Analysis: Ex-CIA WMD director warns of ‘morphed’ Islamist groups

Charles S. Faddis

Charles S. Faddis

By JOSEPH FITSANAKIS | intelNews.org |
In recent months, the heads of the United States Pentagon and the Central Intelligence Agency have opined that the United States may be close to “strategically defeating al-Qaeda”. These were the words used by former CIA Director and current Defense Secretary, Leon Panetta in July, to describe the current state of Washington’s ‘war on terrorism’. Shortly afterwards, General David Petraeus, who replaced Panetta at the helm of the CIA, echoed his predecessor, arguing that the situation following the death of Osama bin Laden “hold[s] the prospect of a strategic defeat […], a strategic dismantling, of al-Qaeda”. But do such optimistic projections correspond to reality on the ground? In a new column for Homeland Security Today, former CIA operations officer Charles S. Faddis, who retired from the Agency in 2008 as the chief of its weapons of mass destruction counterterrorism unit, agrees that al-Qaeda has been “severely battered” in the ten years since 9/11. But he warns that, while America insists of engaging in “large-scale conventional military operations” in Afghanistan, and essentially “a strategic bombing campaign” in Pakistan, a new generation of terrorist groups appears to have “shifted, morphed and evolved”. In light of this reality, the recent comments by Panetta and Petreaus may suggest “the possibility of a loss of focus” in American counterterrorist operations, says Faddis. The former CIA covert operations officer, who has written several books since his retirement, goes on to discuss the rapid rise of several ethnic or regional militant Islamist groups, including Nigeria’s Boko Haram. The organization made macabre headlines earlier this month, when it launched a massive suicide attack against a United Nations office complex in the Nigerian city of Abuja, killing and injuring over 100 people. He also mentions the Islamic State of Iraq, a notorious outfit whose most recent strikes display an operational sophistication that often surpasses that of Boko Haram’s. Finally, Faddis discusses Yemen’s Al-Qaeda in the Arabic Peninsula (AQAP) and al-Shabaab, the youth wing of Somalia’s Islamic Courts Union. The latter, he warns, is now developing an operational alliance with al-Qaeda, through which American members of al-Shabaab are trained  by “senior al-Qaeda operatives”, he says. One question that remains unanswered in Faddis’ well-argued analysis is why America’s reshuffled military and intelligence leadership engaging in a concerted public information campaign apparently aimed at convincing domestic audiences that Washington’s ‘global war on terrorism” may soon be ending. Faddis’ personal blog, entitled Common Sense, can be found here.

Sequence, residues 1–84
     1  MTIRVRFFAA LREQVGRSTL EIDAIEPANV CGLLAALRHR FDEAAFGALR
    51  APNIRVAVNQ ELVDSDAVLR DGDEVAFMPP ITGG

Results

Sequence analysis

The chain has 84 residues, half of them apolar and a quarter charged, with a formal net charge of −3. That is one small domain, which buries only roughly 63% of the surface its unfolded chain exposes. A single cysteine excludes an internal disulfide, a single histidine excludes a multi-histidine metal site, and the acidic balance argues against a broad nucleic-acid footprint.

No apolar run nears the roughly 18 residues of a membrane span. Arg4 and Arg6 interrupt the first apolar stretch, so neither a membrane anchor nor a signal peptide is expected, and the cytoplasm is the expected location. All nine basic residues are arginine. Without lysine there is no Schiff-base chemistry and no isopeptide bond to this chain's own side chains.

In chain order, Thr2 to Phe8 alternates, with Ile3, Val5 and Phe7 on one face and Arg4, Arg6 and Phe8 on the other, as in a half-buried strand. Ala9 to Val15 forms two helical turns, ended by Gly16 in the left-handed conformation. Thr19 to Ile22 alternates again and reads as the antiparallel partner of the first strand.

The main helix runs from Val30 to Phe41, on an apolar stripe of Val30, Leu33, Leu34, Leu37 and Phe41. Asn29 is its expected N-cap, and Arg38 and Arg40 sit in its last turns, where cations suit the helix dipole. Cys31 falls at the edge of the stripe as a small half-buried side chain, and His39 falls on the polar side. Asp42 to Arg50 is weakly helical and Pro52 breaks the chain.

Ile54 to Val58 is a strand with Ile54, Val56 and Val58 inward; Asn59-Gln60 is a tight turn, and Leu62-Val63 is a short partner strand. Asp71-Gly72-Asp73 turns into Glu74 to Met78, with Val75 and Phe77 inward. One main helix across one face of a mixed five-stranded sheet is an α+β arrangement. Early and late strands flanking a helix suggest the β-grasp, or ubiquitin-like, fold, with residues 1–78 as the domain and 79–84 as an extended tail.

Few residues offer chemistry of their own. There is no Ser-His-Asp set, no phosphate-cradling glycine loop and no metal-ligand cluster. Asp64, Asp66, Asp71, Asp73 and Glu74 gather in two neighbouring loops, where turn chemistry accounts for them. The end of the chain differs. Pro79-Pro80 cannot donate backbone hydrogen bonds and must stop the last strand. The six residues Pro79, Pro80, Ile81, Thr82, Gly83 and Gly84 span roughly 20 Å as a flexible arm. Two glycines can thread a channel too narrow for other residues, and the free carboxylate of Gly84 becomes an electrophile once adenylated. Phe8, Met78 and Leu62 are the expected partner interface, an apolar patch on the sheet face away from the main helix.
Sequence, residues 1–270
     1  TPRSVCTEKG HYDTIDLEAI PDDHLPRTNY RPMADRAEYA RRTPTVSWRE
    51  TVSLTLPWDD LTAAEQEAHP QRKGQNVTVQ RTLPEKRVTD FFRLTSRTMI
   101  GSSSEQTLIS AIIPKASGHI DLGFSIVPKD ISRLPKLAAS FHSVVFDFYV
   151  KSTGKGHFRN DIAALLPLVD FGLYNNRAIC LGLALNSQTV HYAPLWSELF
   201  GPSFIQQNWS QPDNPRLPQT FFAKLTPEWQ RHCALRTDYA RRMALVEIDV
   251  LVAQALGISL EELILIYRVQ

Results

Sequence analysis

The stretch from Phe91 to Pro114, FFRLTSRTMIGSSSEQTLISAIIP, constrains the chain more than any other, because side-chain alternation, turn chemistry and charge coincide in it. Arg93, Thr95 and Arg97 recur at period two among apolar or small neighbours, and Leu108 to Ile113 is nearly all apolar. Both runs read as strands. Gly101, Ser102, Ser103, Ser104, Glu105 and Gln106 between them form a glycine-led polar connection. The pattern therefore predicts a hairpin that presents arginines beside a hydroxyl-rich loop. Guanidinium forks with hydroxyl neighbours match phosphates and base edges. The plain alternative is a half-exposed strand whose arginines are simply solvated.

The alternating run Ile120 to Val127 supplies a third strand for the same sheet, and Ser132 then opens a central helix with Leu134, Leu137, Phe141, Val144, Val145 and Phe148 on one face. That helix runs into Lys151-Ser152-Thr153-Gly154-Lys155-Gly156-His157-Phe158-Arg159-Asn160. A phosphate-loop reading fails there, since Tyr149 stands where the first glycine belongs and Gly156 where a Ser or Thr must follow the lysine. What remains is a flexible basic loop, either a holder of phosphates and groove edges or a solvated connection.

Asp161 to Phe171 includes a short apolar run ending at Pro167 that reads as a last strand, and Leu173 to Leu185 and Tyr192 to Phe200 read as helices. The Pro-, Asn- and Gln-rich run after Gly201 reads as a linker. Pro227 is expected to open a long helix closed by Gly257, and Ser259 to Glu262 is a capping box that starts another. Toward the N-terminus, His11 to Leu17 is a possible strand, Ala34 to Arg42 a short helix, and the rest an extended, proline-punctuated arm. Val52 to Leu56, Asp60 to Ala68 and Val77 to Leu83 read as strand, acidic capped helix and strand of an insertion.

Advertisements

We welcome informed comments and corrections. Send us yours using the form below.

Fill in your details below or click an icon to log in:

WordPress.com Logo

You are commenting using your WordPress.com account. Log Out /  Change )

Google photo

You are commenting using your Google account. Log Out /  Change )

Twitter picture

You are commenting using your Twitter account. Log Out /  Change )

Facebook photo

You are commenting using your Facebook account. Log Out /  Change )

Connecting to %s